This fallacy in pain measurement hypothesizes that pain can be accurately measured in all populations, regardless of age, gender, culture, or language. However, different populations may have different pain experiences and use different words or expressions to describe their pain. For example, children may have difficulty accurately describing their pain experience, while older adults may have different pain experiences related to age-related changes in the body. Therefore, pain assessment should be tailored to each population's needs and characteristics. [18]

 Pain is always a private experience

This fallacy assumes that pain is always a private experience only known to the individual experiencing it. However, pain can also be a shared experience influenced by social and cultural factors. For example, pain can be influenced by cultural beliefs and expectations surrounding pain expression and pain management. Therefore, a comprehensive pain assessment should include evaluating the social and cultural factors influencing pain perception and management. [19]

Pain is only a sensory experience

This fallacy assumes that pain is only a sensory experience, meaning it is only related to physical bodily sensations. However, pain is a complex experience involving emotional, cognitive, and behavioural components and social and cultural factors. Psychological factors such as anxiety and depression can exacerbate pain, while social factors such as social support can help alleviate pain. Pain can also be influenced by cognitive factors such as expectations, beliefs, and attitudes. Additionally, cultural beliefs and values can influence pain perception and expression. [20]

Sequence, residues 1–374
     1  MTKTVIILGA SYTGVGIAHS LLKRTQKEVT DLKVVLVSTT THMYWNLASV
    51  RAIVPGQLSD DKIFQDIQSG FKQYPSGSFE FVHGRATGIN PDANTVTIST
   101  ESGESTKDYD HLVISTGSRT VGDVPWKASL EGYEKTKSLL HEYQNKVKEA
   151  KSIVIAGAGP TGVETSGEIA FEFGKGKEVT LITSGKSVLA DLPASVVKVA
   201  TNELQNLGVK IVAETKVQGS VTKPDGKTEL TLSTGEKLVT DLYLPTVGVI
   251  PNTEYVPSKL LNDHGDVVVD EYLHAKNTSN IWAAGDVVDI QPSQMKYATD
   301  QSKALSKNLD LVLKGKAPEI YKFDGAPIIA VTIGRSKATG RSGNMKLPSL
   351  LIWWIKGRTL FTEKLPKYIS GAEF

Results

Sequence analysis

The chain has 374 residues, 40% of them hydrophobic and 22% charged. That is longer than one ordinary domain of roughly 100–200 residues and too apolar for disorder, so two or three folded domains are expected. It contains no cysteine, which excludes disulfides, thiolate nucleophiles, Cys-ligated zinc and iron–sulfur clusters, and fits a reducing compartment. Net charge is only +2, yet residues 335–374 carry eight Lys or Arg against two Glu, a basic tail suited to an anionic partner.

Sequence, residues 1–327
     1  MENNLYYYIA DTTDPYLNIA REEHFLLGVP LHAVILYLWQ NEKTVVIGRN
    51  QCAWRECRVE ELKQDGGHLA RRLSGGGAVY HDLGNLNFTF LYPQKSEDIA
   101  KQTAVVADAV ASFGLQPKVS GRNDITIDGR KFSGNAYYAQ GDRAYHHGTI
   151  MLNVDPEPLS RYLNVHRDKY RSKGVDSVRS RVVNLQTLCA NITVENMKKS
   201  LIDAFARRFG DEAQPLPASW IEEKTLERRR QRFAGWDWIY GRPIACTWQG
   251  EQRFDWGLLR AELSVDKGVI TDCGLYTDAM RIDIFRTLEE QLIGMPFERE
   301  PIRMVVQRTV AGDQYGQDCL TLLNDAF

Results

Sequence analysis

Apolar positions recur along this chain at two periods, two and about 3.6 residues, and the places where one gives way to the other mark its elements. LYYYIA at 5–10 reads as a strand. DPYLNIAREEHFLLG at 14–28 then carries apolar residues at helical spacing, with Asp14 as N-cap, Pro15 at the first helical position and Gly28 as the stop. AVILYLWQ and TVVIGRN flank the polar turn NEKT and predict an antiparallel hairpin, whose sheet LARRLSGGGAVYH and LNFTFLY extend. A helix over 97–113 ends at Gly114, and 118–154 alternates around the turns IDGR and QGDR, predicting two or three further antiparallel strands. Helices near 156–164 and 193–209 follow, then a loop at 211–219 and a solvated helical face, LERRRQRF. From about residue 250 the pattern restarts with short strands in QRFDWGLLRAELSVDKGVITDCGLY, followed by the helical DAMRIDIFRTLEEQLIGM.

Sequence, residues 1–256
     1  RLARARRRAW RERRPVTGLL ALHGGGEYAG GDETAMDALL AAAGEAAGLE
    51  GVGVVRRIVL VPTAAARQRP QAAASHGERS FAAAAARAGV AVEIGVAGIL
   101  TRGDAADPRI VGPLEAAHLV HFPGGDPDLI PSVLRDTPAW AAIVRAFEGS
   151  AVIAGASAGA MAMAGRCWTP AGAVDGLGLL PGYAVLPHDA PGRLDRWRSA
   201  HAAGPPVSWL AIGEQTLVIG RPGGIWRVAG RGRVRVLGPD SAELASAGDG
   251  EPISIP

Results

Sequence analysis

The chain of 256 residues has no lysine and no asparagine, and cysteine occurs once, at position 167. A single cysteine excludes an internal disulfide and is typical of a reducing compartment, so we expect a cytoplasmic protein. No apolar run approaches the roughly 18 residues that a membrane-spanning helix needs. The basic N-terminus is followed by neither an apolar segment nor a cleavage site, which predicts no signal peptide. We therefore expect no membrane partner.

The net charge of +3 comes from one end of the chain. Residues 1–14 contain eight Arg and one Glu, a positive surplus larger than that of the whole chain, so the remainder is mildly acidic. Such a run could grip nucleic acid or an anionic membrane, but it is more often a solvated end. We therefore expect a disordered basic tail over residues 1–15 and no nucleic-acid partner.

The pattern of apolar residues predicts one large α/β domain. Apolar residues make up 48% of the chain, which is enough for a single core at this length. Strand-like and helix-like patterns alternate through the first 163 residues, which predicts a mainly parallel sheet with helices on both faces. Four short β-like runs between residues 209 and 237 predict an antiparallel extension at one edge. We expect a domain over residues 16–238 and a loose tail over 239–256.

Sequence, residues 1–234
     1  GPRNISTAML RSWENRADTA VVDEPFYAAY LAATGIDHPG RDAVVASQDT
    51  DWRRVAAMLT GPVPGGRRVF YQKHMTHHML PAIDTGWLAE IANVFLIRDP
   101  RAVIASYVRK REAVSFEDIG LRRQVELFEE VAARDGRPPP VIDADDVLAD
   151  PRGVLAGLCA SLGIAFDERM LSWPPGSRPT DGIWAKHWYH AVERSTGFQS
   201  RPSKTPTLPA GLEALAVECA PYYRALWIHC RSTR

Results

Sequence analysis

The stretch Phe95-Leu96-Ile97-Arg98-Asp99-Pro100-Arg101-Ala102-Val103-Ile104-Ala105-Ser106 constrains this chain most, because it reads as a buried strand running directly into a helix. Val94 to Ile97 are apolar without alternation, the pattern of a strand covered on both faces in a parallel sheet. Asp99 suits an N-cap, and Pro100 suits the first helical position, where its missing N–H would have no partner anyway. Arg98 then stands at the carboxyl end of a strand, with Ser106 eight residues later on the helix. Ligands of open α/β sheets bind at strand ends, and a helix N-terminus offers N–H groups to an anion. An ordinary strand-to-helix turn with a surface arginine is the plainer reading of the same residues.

Pain is always a reliable indicator of tissue damage

This fallacy assumes that pain is always a reliable indicator of tissue damage. However, this is not always the case, as pain can be influenced by various factors, such as psychological and social factors, that can increase or decrease the pain experience. For example, a person may experience pain without tissue damage, such as in chronic pain syndromes or phantom limb pain. On the other hand, a person may not experience pain even in the presence of tissue damage, such as in cases of painless myocardial infarction. As a result, depending solely on pain as a sign of tissue damage may lead to a false diagnosis and inadequate treatment. [21, 22]

Pain is a sign of weakness or moral failure